As I was writing this article, I received an email announcing an increase from our freight elevator service provider. It details many of the same cost challenges I’ve outlined here and says they’re increasing the maintenance price by 5.05%. They offered thanks for the continued business.
Over the years, we’ve become pros at cutting costs within our operations. So why not use all this expertise and some of the painful lessons we’ve learned to help our partners? Here are some ways you can mitigate costs, and they can, too.
Suggest web reductions. I can’t tell you how many times I’ve heard, "We’ve always been this size and don’t want to change." However, when shown the cost savings and logic behind a reasonable web reduction, many customers quickly change their tune. Unfortunately, some of our customers are set in their ways, so we must show them the long-term benefits.
Getting a customer to change web size also has internal benefits to our organizations, as well. When we can group press runs and avoid paper changes, we can reduce waste, improve efficiencies, and save time and money. These minor improvements can, in turn, reap benefits for our customers by reducing their paper costs and allowing us, perhaps, to become more efficient in our operations.
Discuss paper stock. Is there a really big difference between 30-lb. and 27-lb. newsprint to your customer? Or is it something for which 34-lb. looks just as good and saves them a sizeable amount of money over time?
Introduce them to color-spread costs. Don’t assume your customer knows color positions on your press or the implications of using various color positions outside of a common spread. Instead, provide layouts and clear explanations outlining the financial benefits of keeping color on the same spread. Guide your customers to press configurations that benefit both you and the customer. The right choice can usually result in less waste and better quality, reducing costs along the way.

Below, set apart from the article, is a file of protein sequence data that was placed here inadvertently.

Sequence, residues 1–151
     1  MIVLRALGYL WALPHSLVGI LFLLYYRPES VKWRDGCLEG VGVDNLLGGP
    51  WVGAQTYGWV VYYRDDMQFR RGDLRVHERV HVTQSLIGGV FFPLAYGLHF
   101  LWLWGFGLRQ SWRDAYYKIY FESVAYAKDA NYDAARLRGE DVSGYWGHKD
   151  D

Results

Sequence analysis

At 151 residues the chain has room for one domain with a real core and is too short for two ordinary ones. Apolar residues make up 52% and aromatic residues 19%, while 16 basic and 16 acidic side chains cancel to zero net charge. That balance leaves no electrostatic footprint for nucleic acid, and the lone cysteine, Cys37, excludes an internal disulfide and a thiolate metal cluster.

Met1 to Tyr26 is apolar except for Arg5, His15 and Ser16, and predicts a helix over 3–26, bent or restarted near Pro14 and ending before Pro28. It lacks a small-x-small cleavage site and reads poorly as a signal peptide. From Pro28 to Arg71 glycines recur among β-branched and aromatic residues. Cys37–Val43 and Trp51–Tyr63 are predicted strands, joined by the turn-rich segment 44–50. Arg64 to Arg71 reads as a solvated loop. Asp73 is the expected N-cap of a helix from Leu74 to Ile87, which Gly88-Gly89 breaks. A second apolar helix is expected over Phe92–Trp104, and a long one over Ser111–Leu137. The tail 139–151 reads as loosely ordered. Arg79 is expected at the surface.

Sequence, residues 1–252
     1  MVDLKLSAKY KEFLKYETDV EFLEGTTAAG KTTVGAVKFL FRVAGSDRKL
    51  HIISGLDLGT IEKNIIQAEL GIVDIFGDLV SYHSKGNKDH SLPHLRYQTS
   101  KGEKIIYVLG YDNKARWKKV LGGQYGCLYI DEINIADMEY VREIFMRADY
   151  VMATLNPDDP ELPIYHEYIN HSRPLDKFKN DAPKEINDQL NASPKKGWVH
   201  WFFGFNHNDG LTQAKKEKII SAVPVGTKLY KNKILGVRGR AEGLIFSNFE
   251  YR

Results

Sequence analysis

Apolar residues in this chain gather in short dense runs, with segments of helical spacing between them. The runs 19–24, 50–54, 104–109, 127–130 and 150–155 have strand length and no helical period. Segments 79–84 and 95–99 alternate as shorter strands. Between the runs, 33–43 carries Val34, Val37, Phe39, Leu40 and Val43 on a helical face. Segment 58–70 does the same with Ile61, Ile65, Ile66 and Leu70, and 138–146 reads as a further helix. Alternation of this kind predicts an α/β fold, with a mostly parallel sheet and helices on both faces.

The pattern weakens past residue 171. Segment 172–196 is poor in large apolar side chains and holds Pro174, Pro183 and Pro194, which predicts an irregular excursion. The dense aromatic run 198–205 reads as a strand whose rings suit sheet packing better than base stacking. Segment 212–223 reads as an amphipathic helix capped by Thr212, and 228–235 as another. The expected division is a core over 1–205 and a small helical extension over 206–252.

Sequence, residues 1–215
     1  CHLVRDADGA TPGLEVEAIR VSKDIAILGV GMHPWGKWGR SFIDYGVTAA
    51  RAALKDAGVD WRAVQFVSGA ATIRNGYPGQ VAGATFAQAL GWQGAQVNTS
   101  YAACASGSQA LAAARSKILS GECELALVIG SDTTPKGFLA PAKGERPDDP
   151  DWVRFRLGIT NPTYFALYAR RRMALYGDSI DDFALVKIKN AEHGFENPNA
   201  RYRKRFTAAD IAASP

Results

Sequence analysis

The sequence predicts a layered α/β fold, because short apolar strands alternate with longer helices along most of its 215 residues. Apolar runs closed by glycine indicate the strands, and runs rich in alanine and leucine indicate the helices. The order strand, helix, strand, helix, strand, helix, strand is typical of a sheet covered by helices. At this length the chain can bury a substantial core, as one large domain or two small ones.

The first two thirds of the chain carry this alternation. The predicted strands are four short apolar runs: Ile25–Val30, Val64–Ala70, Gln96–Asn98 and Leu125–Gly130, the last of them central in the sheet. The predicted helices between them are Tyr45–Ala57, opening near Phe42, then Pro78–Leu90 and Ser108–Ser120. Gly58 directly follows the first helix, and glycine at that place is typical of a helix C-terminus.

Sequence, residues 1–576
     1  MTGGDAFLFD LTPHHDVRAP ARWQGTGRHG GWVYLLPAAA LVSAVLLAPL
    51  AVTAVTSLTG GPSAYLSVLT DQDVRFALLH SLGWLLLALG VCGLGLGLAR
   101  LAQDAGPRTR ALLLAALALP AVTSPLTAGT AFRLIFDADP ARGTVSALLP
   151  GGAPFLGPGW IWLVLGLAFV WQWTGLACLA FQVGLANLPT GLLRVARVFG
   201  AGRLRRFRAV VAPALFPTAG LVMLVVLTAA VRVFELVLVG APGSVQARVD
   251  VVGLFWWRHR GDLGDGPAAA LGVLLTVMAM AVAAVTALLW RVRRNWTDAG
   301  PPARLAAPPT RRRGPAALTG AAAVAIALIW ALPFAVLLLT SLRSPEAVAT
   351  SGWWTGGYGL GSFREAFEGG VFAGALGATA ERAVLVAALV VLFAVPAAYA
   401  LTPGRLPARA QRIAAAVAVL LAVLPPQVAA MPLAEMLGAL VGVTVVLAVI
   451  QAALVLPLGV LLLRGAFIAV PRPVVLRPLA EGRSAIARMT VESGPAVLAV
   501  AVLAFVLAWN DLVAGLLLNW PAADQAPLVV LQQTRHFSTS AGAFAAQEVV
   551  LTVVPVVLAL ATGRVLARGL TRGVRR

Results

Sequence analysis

Negotiate flexible deadlines. This may be tough to manage, but the benefits are many, and some customers may jump at the opportunity to save. We all appreciate how grouping press runs on the same stock and web size can save us money, yet how often do we discuss this with our customers? If you can reduce expenses and save your customer a few bucks by grouping them into other runs, they might go for it. Talk to them about changing their web size and deadline so you can run them in a convenient spot and save everyone money.
Schedule group inserts. Every time you run your inserting machine, it results in labor costs, utility costs, plus wear and tear. All that results in higher costs to your operation and additional expenses for customers. I’ve encountered daily commercial newspaper customers who don’t manage insert days, having multiple inserts on one day and follow with a single insert the next day. I realize it isn’t always possible for our customers to steer their preprint customer to a specific day, but I’ve seen it done many times. Grouping inserts saves your commercial customer money and saves dollars in your operation as well. You might be surprised how many of your customers are unaware of this.
Also, group your delivery runs. Most customers want their product turned around quickly and delivered to their door immediately. Any good delivery service knows planning routes and delivery times can be the difference between profit and loss. Don’t manage your delivery fleet like an add-on; manage it to be profitable. Work with customers to understand that grouping deliveries allows you to pass savings on to them, and they may be more flexible with drop times. If delivering product isn’t profitable for you, recommend customers pick up their order to avoid price increases on delivery. The option is then left for them to decide.
There are many ways to improve customer service and manage cost increases. Their continued financial health helps us in the long run, and we need to be an active part of that budgetary management. Value your customers, and make sure they understand and value the benefits of having you as their printing partner.
Jerry Simpkins has more than 30 years of experience in printing and operations in the newspaper industry. Contact him on LinkedIn.com or at firstname.lastname@example.org.